In the age of mass-produced goods and automated processes, there are some traditions that continue to stand the test of time. Copper molding and hammering is one of these art forms – a fascinating craft that has been passed down through generations in Italian artisan families. Today we want to honor Franco Minazzi, a freshly-retired Ruffoni partner artisan, who has devoted his life to turning pure copper into works of art.
Born in 1938, Franco began working with copper at the age of 11, assisting his father in their small workshop. Through this mentorship, the young Franco learned not only the technical skills but also the story of each piece they created – and, above all, he discovered a passion for this hard but rewarding job.
In 1962 Franco met Fremide Ruffoni and became one of his most active collaborators. 26,000 days have passed since that time. Working from both the Ruffoni and Minazzi workshops - in the basement of his family home - Franco has seen the Ruffoni company grow together with the Ruffoni family. Day after day, creation after creation, Franco fought to keep the art of traditional coppersmithing alive amidst the challenges of the modern world.
And he's not the only one. Step into the Ruffoni workshop – located in Omegna, in the beautiful setting of the Italian Alps – and you'll be transported to a world where time seems to slow down. The air is filled with the rhythmic sounds of hammering and Nerio's songs. Alan is in the tinning room, where he spends most of his time tinning all the Ruffoni Historia pieces by hand over fire, while Slava carefully polishes every pot, removing all the tarnishes and oxidation resulting from the tinning process to bring out the warm shine and sparkle of copper.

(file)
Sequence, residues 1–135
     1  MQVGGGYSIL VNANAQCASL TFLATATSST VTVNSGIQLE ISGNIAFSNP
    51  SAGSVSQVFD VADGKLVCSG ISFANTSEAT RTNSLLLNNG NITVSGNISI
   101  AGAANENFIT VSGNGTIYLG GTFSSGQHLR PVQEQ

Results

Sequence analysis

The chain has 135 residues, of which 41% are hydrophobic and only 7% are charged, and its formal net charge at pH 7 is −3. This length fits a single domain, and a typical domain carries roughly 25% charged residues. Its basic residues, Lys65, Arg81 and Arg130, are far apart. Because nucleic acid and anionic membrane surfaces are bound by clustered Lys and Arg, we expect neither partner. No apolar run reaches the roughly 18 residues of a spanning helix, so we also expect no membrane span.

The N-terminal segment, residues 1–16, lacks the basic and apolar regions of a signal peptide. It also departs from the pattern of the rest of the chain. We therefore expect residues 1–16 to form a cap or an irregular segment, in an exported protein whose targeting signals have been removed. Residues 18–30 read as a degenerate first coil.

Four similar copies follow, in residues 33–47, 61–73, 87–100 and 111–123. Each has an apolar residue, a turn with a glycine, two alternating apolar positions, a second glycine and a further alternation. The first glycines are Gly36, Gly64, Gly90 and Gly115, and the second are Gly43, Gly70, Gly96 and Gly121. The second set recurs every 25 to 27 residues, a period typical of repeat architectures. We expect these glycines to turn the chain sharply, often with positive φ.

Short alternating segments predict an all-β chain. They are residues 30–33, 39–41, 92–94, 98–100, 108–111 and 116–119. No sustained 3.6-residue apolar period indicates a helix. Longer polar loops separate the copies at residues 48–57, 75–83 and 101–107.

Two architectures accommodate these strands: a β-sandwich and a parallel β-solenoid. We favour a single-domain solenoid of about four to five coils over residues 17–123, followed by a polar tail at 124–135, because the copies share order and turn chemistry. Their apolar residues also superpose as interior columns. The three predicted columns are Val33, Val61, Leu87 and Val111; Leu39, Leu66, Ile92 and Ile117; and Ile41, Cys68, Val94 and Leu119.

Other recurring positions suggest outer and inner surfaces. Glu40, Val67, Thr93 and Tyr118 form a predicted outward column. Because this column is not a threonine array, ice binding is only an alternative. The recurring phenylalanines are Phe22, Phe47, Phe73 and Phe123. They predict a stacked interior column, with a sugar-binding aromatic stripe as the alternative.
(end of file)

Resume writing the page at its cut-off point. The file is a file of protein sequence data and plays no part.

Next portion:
Alongside them, the “young” apprentices. Claudio, with his almost 50 years of spinning work, and Corrado support the craftsmen in their various activities, because for this work – which is actually an art form – one of the most crucial aspects of keeping the tradition alive is passing it on to the next generation.
It was Franco himself who taught Lorenzo – the youngest of the fourth generation of Ruffoni – how to use the old lathe in the Workshop basement!
It is people like Franco, Nerio, Alan, Corrado, Slava, Antonella and Elena who both allow us and inspire us to do what we do, every day.
As mass-produced goods and cheaper alternatives flood the market, tempting people away from the value of artisanal craftsmanship, our goal is to keep the Italian artisanal tradition alive, to allow artists like Franco to create beauty, day after day.
The video above is our grazie (“thank you”) to Franco for the passion, craftsmanship and love he poured into every Ruffoni he worked on. Because we strongly believe that by supporting and celebrating the work of copper artisans, we contribute to the preservation of a craft that weaves together artistry and heritage – helping it remain alive and cherished in the ever-changing world we inhabit.
PS: do you have one of the following Ruffonis in your kitchen, purchased before August 2023? (Great) chances are that it passed through Franco’s capable hands!
• Fondue Michelle
• Decorated Frying Pan
• Chef Pan
• Butter Casserole
• Kitchen Jar